In general, the greater the rainfall, the less water the green roofretains. For small storms, the roof retains all or virtually all the rain thatfalls on it. This is mostly related to the moisture-holding capacity of thesubstrateonce the roof has attained its moisture-holding capacity,then any extra water will simply run off. There is a considerable differ-ence between the amount of water retained in summer and in winter,due to the much greater amount of water that can be returned to theatmosphere in summer through evaporation and transpiration: reten-tion rates in summer can be between 70 per cent and 100 per cent, butin winter may be only 4050 per cent (Peck et al. 1999).

    The role of plants and vegetation on the roof in reducing run-off isdemonstrated in the table below. Even on the standard, ungreened roofthere is some reduction in run-off when compared with the totalamount of water that falls on the roofthis can be attributed to evap-oration. Addition of a gravel layer results in some further reduction, butthe greatest reduction is achieved with an added vegetation layer.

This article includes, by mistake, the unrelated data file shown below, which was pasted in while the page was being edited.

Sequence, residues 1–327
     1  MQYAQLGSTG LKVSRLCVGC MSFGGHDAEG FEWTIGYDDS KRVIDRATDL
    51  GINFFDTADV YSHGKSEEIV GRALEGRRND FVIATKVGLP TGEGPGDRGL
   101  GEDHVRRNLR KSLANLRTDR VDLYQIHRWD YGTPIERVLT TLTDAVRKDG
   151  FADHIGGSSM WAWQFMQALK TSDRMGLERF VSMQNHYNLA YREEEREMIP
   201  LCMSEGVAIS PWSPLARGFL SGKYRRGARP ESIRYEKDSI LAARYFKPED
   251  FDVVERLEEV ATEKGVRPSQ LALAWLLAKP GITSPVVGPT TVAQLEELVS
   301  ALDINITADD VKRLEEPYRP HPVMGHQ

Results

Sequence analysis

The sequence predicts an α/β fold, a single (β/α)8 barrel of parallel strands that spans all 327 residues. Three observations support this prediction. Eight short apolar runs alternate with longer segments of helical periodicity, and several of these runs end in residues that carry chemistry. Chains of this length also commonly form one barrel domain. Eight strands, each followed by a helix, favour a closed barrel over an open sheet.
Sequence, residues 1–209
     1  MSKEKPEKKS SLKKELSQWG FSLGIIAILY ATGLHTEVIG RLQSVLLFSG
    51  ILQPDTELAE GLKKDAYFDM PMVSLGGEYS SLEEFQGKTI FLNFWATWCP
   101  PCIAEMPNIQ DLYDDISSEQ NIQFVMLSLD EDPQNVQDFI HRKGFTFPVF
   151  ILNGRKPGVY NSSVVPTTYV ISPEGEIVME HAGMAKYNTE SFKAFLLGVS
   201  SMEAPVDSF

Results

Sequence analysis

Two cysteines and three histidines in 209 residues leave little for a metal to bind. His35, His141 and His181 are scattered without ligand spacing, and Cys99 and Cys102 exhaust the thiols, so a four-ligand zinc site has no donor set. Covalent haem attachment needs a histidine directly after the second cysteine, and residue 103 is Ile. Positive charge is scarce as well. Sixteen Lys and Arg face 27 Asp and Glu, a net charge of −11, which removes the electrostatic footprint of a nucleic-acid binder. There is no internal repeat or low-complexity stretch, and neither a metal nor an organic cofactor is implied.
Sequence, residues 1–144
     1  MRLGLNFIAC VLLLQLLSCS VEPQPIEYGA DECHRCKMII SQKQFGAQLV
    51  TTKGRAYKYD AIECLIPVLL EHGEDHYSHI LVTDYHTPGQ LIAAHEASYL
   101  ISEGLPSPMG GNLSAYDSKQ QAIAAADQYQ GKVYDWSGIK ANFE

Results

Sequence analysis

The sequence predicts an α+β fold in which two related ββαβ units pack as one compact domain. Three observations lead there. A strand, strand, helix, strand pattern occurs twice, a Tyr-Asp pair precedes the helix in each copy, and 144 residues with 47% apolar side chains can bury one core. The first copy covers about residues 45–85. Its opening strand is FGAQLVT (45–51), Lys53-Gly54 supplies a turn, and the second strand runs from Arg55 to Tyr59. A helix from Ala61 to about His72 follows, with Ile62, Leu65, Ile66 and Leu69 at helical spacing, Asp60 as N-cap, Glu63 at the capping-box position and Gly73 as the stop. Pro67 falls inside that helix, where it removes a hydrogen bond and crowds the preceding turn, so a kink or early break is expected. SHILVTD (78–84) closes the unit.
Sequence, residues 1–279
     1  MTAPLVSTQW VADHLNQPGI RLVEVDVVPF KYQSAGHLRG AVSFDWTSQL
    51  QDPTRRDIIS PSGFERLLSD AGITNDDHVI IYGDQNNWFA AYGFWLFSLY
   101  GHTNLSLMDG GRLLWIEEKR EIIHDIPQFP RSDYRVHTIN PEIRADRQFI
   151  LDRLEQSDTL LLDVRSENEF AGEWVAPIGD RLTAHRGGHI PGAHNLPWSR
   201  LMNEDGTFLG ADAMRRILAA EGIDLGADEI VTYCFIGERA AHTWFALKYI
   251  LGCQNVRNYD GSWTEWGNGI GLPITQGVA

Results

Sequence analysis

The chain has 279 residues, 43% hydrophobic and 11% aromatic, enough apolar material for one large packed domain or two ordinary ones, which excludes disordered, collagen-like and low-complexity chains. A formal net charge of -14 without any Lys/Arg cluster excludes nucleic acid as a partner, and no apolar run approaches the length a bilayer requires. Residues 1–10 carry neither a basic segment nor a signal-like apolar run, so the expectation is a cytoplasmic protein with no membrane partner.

Roof type Percentage of run-off from a green roof

    compared to that of an ungreened roof

    Standard 81%

    Standard with 5 cm of gravel 77%

    Green roof with 5 cm of substrate 50%

    The influence of substratedepth and vegetation onthe percentage of totalrainfall running off theroof.

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  • Green roof types